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Web 2.0 and Distance Education
Web 2.0 is the term used to denote a wide range of interactive web applications that facilitate user-generated content, user-centered design, and user-based collaboration. Some examples of Web 2.0 include web-based communities, hosted services, web applications, social-networking sites, video-sharing sites, wikis, blogs, and mashups. The interactiveness of Web 2.0 sites allow users to change or alter content and share content, in short, participate in the whole experience.
The rise of Web 2.0 technologies have enhanced the quality and dissemination of distance education. Students and instructors can enjoy a more dynamic educational experience at lower cost and with about as much effectiveness as actual face-to-face learning. At the same time, however, the new technologies have given rise to certain issues that need to be addressed with care. Let us take a look at some of the problems with web 2.0 in distance education.
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Issues with Web 2.0
Concerns about Relevancy and Reliability
Adding Web 2.0 technologies do not make a course worthwhile or relevant. Students need to research their distance education courses very carefully, noting how these are relevant to the actual demands of the job market and making sure that the courses are correctly accredited by the proper regional or national accrediting agencies. Another issue is the research and online study that students undertake. Since Web 2.0 makes it easy for anyone to publish any kind of content online, regardless of qualification, it is important to check and recheck sources for reliability, not just take in everything as it is found.
Copyright and Plagiarism Concerns
The easy sharing mantra of Web 2.0 can lead to copyright violations, even with works issued under a Creative Commons license. There is also the issue of the EULA (end-user license agreement) notices with the software used; these often automatically claim certain rights over the works produced using that software. Then there is the issue of students plagiarizing from online sources or cutting and pasting other people's work as their own. There is also the concern of safeguarding original data that students produce in the duration of their course.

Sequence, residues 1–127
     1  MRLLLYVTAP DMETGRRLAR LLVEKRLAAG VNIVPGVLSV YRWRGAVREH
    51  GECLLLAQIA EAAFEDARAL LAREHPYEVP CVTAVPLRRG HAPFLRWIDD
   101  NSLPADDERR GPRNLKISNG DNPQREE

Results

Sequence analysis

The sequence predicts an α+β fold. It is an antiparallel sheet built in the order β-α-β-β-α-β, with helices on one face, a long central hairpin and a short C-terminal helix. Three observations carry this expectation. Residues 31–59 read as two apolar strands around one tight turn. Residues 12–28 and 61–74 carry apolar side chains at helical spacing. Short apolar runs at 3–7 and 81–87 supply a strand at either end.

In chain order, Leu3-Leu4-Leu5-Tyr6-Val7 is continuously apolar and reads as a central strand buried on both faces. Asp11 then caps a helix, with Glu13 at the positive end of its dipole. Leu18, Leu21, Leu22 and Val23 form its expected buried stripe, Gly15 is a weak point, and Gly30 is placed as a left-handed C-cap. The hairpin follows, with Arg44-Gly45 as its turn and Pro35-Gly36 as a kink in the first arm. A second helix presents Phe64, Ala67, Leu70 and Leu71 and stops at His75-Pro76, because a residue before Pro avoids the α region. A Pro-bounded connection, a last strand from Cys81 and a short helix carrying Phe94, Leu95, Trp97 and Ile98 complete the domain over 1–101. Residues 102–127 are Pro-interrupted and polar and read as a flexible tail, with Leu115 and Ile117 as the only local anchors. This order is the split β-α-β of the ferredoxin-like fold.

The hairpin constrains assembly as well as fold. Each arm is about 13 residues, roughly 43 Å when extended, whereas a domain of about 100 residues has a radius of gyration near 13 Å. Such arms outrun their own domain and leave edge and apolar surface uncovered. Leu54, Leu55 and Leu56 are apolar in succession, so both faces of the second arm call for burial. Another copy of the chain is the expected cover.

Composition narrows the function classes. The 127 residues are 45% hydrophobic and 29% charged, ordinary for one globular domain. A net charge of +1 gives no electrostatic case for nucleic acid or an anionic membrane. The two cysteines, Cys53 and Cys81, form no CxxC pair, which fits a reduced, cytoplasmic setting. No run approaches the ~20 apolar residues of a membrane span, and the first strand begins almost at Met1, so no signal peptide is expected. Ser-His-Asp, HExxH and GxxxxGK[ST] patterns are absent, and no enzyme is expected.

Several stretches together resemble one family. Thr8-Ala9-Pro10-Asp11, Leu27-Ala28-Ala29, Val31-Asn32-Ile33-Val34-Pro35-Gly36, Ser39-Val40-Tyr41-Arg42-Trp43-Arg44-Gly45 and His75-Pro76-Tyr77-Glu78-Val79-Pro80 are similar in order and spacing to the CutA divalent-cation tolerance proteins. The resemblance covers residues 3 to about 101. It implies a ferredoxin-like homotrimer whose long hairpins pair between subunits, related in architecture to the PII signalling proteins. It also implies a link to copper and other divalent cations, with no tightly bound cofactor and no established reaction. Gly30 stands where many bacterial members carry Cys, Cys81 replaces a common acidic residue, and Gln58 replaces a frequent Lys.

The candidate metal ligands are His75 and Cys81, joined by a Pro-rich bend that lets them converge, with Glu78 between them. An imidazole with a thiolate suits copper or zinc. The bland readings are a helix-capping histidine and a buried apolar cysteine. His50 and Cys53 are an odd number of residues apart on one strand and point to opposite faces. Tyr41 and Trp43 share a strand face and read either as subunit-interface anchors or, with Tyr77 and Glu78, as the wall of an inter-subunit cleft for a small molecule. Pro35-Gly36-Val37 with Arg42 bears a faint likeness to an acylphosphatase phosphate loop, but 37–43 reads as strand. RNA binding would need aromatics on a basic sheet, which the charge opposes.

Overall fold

Privacy and Safety Concerns
Web 2.0 makes it very easy to leave a digital footprint that can provide a lot of information about the user. As there have been several online cases of harassment and stalking, students need to be careful about the kind of personal information they put online. There should be a clear-cut policy about how students and instructors are expected to conduct themselves in their online interactions. This may not always works, but it's good to have some ground rules laid out.
Data Protection and Data Storage Concerns
How do you protect data that is stored on servers in another country that may not be subject to the same data privacy laws as your country? And what happens if your data hosting company goes kaput without warning? Do you lose your stored data?
Concerns about Developing Real Life Skills
A main concern with distance education has always been the lack of face-to-face interaction. This gives distance education students a disadvantage when it comes to real life communication and presentation. Communicating via live chat and live video can mitigate the issue to some extent, but not wholly.
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The problems with Web 2.0 in distance education can be overcome to a reasonable extent with a good dose of common sense, practical know-how, and research. Distance education providers need to select reliable web hosting companies and maintain well-organized backups and records of their educational content and also provide clearly delineated user procedures and policies. Students, on their end, need to adequately research distance education courses and understand what to expect, develop a good attitude towards learning, and best use of the resources at their disposal.